Support The Moscow Times!

Inthe Spotlight

This week, Britain’s Daily Mail highlighted the case of Kristina Rei from St. Petersburg, who has enormous lips springing out of her face, created with what it said was £4,000 ($6,215) worth of silicone injections.

You can always trust the Daily Mail to give an absolutely balanced picture of life in Russia. One of its recent stories was about a woman who kept an alien in her fridge. But you can’t fault it for being quick to pick up juicy stories, and what could be juicier than Rei, whose lips are the world’s biggest, the paper said.

I had a look into Rei and found myself in a mysterious parallel world of women who actually want to have “trout pouts.”

In the mainstream, it’s mainly pop stars who go for this look. Singers Masha Rasputina and Masha Malinovskaya, whose upper lip has a weird notch in it, come to mind, as well as a pretty contestant on talent show “Fabrika Zvyozd,” Alexa, who suffered side effects when she injected her lips, making them unintentionally huge.

Russian media has looked into the lip phenomenon, calling such women “devushki-mukly” after Mooqla dolls, creepy plastic figures with big lips that are made in Russia. If you look up “mukly” on the Internet, there are a lot of pictures of women who hang out at night clubs aimed at rich men as well as soft porn images, since a lot of mukly seem to get their breasts done, too. The women who have had a lot of work done are said to be “tuned,” like cars.

It almost goes without saying that Rei fleetingly appeared on TNT’s “Dom-2,” a reality show that’s a haven for exhibitionists. She was planning to make a play for the heart of “black wizard” Vlad Kadoni. In stories about “Dom-2,” I found the photos used by the Daily Mail and even a copy of her passport, saying she’s from Yuzhno-Sakhalinsk in far eastern Russia and is 22.

She is listed on a dating site on, where she says she is interested in both men and women and is into drawing and getting nail extensions. Her form says frankly that she wants to “find a sponsor.” It says she has had serious gay and straight relationships. But it doesn’t look as if she visits the site often.

Her page on social-networking site Vkontakte has lots of stream-of-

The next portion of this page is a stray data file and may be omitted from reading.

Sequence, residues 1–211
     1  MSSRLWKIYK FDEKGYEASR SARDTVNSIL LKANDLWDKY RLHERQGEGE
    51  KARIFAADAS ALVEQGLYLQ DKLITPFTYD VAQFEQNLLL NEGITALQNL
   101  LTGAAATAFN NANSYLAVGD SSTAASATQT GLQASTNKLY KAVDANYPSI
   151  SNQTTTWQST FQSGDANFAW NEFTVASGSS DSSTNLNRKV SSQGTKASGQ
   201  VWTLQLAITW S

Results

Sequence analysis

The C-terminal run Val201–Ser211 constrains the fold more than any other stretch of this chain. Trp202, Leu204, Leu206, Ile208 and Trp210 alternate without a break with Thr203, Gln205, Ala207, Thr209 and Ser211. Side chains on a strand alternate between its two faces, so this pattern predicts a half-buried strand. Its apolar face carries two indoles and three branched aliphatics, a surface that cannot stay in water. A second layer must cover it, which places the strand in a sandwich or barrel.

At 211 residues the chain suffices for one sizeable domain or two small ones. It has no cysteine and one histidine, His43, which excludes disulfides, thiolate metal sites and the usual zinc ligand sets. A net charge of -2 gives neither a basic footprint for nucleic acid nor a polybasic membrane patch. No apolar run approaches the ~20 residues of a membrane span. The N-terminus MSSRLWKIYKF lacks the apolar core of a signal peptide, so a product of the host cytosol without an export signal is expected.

consciousness babbling and describes her as an “artist, outsider, bi.” Perhaps she injects her lips as an extreme experiment on her body, rather than just seeing them as sexy.

This month, Vesti Moskva television interviewed another mukla, called Olesya Malibu, although her real surname is the more prosaic Kovalenko.

She said she maintains her lips with eight injections of gel, applied every three months. And she didn’t stop at the lips, also expanding her breasts from a B cup to an E. She looked oddly wholesome, playing with some adorable kittens.

Moskovsky Komsomolets sounded the alarm last month on women who “grow their lips to unbelievable sizes and stuff their breasts with silicone.” It warned that: “People have become mukly.”

It also interviewed Malibu, who seems to be the go-to mukla. She said she naturally had plump lips but made them bigger to even them out. “I increased them to the maximum, so they could be seen from far away,” she said. “I like everything big: lips, boobs, cars.” She told the paper that injections into each lip cost 25,000 rubles ($795).

Malibu also appeared on “Dom-2,” but only for a day. She just wanted to prove she could get through the auditions, she told MK. She recently took part in Channel One’s prime-time dating show “Let’s Get Married.” But that didn’t work out, she said, and she is now dating a man she didn’t want to name. “He is too famous and what’s more, he’s married.”

Read more

Independent journalism isn’t dead. You can help keep it alive.

The Moscow Times’ team of journalists has been first with the big stories on the coronavirus crisis in Russia since day one. Our exclusives and on-the-ground reporting are being read and shared by many high-profile journalists.

We wouldn’t be able to produce this crucial journalism without the support of our loyal readers. Please consider making a donation to The Moscow Times to help us continue covering this historic time in the world’s largest country.